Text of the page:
"The public needs to understand that this is the NFL," said Hayes. "It is full of great athletes. Every day and every year, there is always another athlete coming from the depth chart. It could be someone that you never even knew before coming out to shine for his team. It's the NFL. Even though we are young, we have a lot of spunk, enthusiasm and are hard workers. We are going to put our best foot forward and we're not going to use the youth aspect as an excuse for anything that goes on. We aren't even worried about the youth part, it's just football. We have to man up and beat our man."

After the knee injury ended his rookie campaign, Hayes hit the 2009 offseason at full speed and was eager to get back to the field, but in a larger role.

"I was striving to be starting," he said. "Being healthy is something that I can try to be the best at but it is out of my control. I wasn't really worried about health, I was worried about getting back to the action and putting forth my best foot."

Linebacker coach, Joe Barry was impressed by Hayes' hunger to get on the field.

"I think he possesses some rare qualities in his athleticism," said Barry. "His speed brings a lot of quickness to the field. Geno is a very instinctive guy. He has great instincts; he can decipher plays before they happen. Those are the positives. The thing with Geno that he has to just get past, and it's the case with most young players, is that he just has to be consistent. He has to show up to work every single day and he can't have ups and downs and peaks and valleys. He needs to be consistent every single day."

Hayes had an outstanding training camp and is producing big numbers on both defense and special teams during the preseason games. Through three contests, in which the Bucs have cycled in dozens of players, Hayes has eight tackles and a pass defensed on defense and four stops on special teams.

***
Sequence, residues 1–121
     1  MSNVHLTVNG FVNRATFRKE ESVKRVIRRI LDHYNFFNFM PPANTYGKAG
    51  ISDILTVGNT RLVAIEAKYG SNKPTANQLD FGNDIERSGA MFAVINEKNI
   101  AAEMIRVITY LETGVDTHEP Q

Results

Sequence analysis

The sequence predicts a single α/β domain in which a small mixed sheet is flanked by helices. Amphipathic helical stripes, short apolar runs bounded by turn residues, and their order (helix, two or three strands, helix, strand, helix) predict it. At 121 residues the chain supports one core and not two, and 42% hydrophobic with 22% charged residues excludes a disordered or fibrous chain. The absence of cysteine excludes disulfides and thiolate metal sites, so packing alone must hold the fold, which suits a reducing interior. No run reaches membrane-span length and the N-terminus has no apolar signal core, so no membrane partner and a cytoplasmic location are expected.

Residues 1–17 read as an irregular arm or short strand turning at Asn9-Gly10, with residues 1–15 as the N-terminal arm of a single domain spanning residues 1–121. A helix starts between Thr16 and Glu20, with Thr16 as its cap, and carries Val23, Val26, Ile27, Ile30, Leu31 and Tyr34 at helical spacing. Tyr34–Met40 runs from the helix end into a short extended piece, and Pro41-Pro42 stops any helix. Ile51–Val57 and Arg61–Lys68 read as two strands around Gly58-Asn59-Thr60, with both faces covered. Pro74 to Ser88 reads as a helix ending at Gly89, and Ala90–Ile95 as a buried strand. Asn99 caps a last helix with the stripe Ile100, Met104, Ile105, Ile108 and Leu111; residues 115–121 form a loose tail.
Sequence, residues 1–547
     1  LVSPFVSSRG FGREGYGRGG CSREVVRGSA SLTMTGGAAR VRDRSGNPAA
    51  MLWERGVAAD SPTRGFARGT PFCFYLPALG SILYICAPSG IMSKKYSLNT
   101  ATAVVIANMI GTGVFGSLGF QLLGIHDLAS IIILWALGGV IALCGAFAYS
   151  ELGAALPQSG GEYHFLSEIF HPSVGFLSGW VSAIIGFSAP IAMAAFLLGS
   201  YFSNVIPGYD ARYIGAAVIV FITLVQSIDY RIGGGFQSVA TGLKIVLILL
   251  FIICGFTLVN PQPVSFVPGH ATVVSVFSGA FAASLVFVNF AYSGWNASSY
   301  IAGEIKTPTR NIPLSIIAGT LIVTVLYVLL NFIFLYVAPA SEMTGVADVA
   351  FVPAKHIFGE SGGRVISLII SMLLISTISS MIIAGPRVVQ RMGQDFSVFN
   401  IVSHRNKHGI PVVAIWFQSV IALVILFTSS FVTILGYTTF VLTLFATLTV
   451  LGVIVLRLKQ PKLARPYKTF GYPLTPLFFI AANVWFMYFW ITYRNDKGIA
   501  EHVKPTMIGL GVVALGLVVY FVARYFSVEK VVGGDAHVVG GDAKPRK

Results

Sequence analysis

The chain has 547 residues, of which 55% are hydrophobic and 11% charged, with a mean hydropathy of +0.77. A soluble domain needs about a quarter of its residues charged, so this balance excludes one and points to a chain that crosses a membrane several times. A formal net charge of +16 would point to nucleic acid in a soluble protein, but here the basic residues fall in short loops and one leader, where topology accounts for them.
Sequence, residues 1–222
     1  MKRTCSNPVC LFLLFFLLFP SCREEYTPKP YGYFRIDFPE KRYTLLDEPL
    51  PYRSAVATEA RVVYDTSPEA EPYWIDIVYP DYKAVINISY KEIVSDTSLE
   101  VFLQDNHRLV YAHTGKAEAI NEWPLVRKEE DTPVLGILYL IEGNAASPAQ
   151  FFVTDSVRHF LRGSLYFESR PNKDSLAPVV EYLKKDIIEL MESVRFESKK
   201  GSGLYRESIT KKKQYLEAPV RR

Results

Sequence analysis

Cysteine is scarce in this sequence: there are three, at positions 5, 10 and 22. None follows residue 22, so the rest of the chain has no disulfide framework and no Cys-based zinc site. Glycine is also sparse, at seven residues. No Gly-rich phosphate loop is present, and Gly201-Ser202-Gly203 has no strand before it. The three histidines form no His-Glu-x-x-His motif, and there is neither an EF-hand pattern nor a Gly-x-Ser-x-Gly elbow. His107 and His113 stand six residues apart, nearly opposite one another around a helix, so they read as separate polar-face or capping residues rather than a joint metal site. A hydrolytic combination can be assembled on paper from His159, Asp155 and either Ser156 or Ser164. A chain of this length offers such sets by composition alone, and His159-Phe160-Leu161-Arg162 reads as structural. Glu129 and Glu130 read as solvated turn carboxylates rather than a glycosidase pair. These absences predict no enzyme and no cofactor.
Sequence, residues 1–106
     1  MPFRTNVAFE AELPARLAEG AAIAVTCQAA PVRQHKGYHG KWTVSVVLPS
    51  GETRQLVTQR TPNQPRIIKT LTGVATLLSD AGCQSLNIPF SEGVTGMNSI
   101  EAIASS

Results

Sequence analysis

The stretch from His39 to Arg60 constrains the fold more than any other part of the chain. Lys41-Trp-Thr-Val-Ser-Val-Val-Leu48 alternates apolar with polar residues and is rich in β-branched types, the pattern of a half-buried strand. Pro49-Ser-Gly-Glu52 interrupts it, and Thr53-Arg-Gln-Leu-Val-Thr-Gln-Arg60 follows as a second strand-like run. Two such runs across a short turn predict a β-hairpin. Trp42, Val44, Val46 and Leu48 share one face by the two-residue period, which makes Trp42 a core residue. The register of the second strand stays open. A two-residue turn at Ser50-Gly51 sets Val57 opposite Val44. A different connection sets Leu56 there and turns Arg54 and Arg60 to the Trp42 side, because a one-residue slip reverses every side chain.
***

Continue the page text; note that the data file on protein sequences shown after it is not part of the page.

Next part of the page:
"I just went out there and pushed it, day in and day out," said Hayes of his approach to training camp. "I focused on the little things, the details, made sure I had a more accountable stance for myself and my responsibilities. I just went out there and worked hard. I put it all in and didn't leave anything behind."

It appears that Hayes has filled the void at the weakside linebacker position, and he could be at the beginning of a long run as a starter for the Buccaneers. However, the Buccaneers could revive the Phillips experiment after Jackson's return, which could lead to further switches in the starting lineup. Again, the coaching staff will put its best 11 men on the field, whoever that proves to be at the time.

That's something that neither Hayes nor his coaches are worrying about at this point, however.

"I'm one of those people who live in the now." Barry said. "I'm not worried about Week Five or Week Six; I'm worried about September 13 and the Dallas Cowboys. I think we as a coaching staff and a defense have to make sure we're set for the Dallas Cowboys and we're at full throttle. Having Jermaine at safety gives us our best opportunity to be successful. What happens down the road, who knows? We will deal with that when we get there. I'm worried about the first quarter of the season and even more specifically, I'm worried about September 13."

Hayes? He's not worried at all.